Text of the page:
5/26/18, "The Important Questions About ‘Spygate’," Daily Caller, Chuck Ross
"A battle of semantics has dominated the revelation that the FBI used a Cambridge professor named Stefan Halper to keep tabs on three Trump campaign advisers....
But the debate has overshadowed more important questions about Halper’s role in “Crossfire Hurricane,” the code name for the FBI’s investigation of possible collusion between the Trump campaign and Russian government.
The core questions are: "Who tasked Halper, a former University of Cambridge professor, with contacting Trump campaign advisers Carter Page, Sam Clovis, and George Papadopoulos? What did they tell Halper, and what did he in turn tell his FBI/CIA handlers? And how was that information used by government officials in their investigation of possible Russian meddling in the 2016 election? Was Halper a credible source?
That 14-month window leaves open numerous possibilities for Halper’s intelligence-gathering activities.
But Page tells The Daily Caller News Foundation that in his conversations with Halper, he never departed from what he has said publicly in response to the allegations made about him in the infamous Steele dossier.
The dossier, written by former British spy Christopher Steele and funded by Democrats, accuses Page of being the Trump campaign’s main back channel to the Kremlin for the purposes of collusion. The dossier claims that Page met with two sanctions Kremlin insiders, Igor Sechin and Igor Diveykin. Page has vehemently denied the allegations.
Halper’s interactions with Clovis and Papadopoulos were more limited than those he had with Page. Clovis, the campaign’s national co-chairman, met with Halper once on Sept. 1, 2016 over coffee to discuss the campaign and their mutual interest in geopolitical issues.
The next day, Halper reached out to Papadopoulos through email — unbeknownst to Clovis — to offer to fly the young Trump aide to London to discuss writing an academic paper about Mediterranean energy issues. Papadopoulos accepted and flew to London on Halper’s dime. He was paid $3,000 for the paper, which he submitted in early October 2016.
During one dinner conversation, Halper asked Papadopoulos whether he was involved in [alleged] Russian hacking of Democrats’ emails. Papadopoulos vigorously denied the allegation, much to Halper’s frustration.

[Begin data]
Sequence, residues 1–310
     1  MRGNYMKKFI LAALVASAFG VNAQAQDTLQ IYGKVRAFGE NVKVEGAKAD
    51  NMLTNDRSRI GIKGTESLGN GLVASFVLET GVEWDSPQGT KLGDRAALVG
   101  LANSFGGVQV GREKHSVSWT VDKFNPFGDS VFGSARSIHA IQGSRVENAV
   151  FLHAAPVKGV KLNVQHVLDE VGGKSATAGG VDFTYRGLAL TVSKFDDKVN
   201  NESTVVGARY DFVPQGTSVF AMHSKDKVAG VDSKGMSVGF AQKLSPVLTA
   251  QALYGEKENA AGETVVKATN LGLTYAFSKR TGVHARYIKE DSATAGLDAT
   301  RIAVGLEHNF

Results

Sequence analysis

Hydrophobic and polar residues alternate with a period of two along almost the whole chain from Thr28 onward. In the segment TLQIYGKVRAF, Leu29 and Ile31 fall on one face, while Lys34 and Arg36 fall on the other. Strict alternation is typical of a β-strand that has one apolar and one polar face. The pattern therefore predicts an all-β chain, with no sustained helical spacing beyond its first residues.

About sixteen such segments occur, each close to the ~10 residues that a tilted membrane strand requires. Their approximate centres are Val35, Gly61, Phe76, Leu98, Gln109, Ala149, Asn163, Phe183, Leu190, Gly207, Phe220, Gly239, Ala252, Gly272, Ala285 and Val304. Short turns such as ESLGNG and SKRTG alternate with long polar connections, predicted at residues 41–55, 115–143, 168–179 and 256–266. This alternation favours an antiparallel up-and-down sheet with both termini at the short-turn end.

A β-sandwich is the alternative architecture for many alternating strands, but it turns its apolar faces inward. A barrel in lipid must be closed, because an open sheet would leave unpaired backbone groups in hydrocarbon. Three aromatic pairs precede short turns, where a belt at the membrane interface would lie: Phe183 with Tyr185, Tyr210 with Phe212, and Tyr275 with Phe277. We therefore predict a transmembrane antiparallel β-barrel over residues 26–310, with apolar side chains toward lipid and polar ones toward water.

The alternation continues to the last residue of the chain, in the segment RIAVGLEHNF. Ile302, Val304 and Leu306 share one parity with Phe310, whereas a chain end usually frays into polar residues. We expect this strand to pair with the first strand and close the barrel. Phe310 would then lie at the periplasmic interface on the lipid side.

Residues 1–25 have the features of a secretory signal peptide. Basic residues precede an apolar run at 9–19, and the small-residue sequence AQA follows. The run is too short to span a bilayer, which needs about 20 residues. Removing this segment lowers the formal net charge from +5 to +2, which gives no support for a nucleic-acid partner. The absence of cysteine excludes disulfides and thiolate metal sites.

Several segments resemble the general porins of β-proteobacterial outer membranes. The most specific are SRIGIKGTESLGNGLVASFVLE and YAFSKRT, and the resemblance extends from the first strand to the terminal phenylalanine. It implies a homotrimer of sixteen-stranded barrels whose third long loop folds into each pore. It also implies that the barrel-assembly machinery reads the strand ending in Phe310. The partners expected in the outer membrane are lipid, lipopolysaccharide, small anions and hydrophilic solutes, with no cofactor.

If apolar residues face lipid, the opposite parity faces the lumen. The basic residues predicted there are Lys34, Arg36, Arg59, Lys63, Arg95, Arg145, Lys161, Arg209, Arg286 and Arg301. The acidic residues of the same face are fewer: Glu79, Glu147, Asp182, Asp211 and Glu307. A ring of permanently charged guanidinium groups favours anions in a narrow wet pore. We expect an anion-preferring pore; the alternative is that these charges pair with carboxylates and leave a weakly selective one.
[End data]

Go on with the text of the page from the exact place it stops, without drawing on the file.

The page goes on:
Halper’s approach to Page was much softer, Page says. They met multiple times, and Page says he never felt that Halper was trying to pump him for information about the campaign.
But it is now clear that Halper was collecting some information on Page. And there has been speculation that whatever information he collected was provided to the FBI for use in Foreign Intelligence Surveillance Act (FISA) warrants granted against Page.
During a press conference on Tuesday, Speaker Paul Ryan linked the issue of allegations about FISA abuse to the revelation of a Trump campaign informant.
“FISA abuse is a serious issue,” Ryan said when discussing House Republicans’ request for information about the FBI’s top-secret source.
The first FISA warrant authorizing surveillance on Page was granted on Oct. 21, 2016. Three renewals were granted in January, April and June 2017. They expired in September 2017, the same month that Page and Halper fell out of contact. As has been widely noted, FISA renewals require additional evidence showing probable cause that a surveillance target is acting as an agent of a foreign power.
What Page and Halper discussed in their encounters looms large over those FISA warrants as well as over “Crossfire Hurricane.”
Page says he can’t recall many details of what he and Halper discussed over their 14 month relationship. But he says that nothing he said would support the idea that he was involved in collusion on behalf of the Trump campaign with Russia.
“I’m not concerned about this other stuff,” Page told TheDCNF, referring to the Halper angle.
Though Page says he never had conversations with Halper in which he said anything that would support allegations in the dossier, what Halper may have relayed to the FBI is another matter....
Asked whether Halper could have provided false information to the FBI about him, Page was open to the possibility.
“He may very well have,” he told TheDCNF.
“The reality is there are a lot of lies in there. So whether it was him or whoever, they came to the wrong conclusion.”
There is virtually no visibility into what information Halper collected on Page or any of the other Trump advisers. It’s also unknown what he passed to the FBI."...